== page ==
A year ago, Danish aid worker Anja Ringgren Lovén was on a mission with her husband in Nigeria to rescue some of the thousands of children abandoned each year after being accused of being a witch.
“We’ve seen both frightened, tortured and even dead children,” Lovén, co-founder of the African Children’s Aid Education and Development Foundation (ACAEDF), described in a 2016 blog post.
That’s when she first met a little boy who she now calls Hope. The toddler, who was skin and bones at the time, was left for dead by his parents in a small village.
“I chose to call him Hope, because right now, we’re all hoping that he survives,” Lovén wrote two days after she rescued the boy. “[He was] in a village, naked, alone and almost dead.”
Lovén shared a photo of herself giving water to little Hope to raise awareness about the serious problem plaguing the country, and to raise money for the boy’s ongoing medical needs. The photo went viral, and Hope’s story quickly spread throughout the world.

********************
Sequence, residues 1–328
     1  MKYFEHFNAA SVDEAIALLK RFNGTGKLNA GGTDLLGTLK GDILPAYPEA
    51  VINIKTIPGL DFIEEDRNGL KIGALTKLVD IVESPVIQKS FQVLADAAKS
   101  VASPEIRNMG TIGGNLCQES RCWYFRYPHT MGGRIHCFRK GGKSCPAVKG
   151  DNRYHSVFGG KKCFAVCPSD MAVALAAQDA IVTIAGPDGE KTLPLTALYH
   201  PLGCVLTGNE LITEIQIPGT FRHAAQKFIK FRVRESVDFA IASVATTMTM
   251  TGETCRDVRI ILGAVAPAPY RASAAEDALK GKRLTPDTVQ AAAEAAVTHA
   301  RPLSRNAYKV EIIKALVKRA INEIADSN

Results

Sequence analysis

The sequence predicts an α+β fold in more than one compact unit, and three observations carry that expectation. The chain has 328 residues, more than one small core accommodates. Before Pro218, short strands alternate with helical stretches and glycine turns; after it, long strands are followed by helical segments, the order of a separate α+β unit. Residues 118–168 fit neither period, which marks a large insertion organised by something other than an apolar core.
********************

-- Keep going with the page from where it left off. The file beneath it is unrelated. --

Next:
Now, more than a year after the famous photo was taken, the 3-year-old boy is unrecognizable.
“Today it’s exactly 1 year ago the world came to know a young little boy called Hope,” Lovén wrote in a Facebook post on Jan. 30. “This week Hope will start school.”
In the updated photo, a heftier Hope was wearing a red jumper, white velcro sneakers and a black backpack, taking a sip of water from a bottle — just like he did in the original. The boy’s healthy appearance was a welcome surprise to those who heard his story a year ago.
“Glad to see Hope (and all the children) growing up loved, well fed, happy, having fun, and going to school!” one Facebook user wrote.
“The change is amazing and he is a wonderful little boy with so much character in him,” another commented.
Hope lives with 35 other children in an orphanage run by Lovén and her husband, David Emmanuel Umem, in Eket, Nigeria — and his story is continuing to help dozens of other children just like him.
In 2009, campaigners against the practice reported around 15,000 children were accused of witchcraft in two of Nigeria’s 36 states over a decade and around 1,000 had been murdered. It’s a growing problem in the country.
But thanks to the thousands of people from around the world who donated money to the ACAEDF on Hope’s behalf, Lovén said she was able to help open a doctor’s clinic to help more accused children. The organization also bought a piece of land, called Land of Hope, which will be home to a new orphanage that protects other abandoned boys and girls.
Hope is proof that these kids’ lives can be turned around, Lovén said.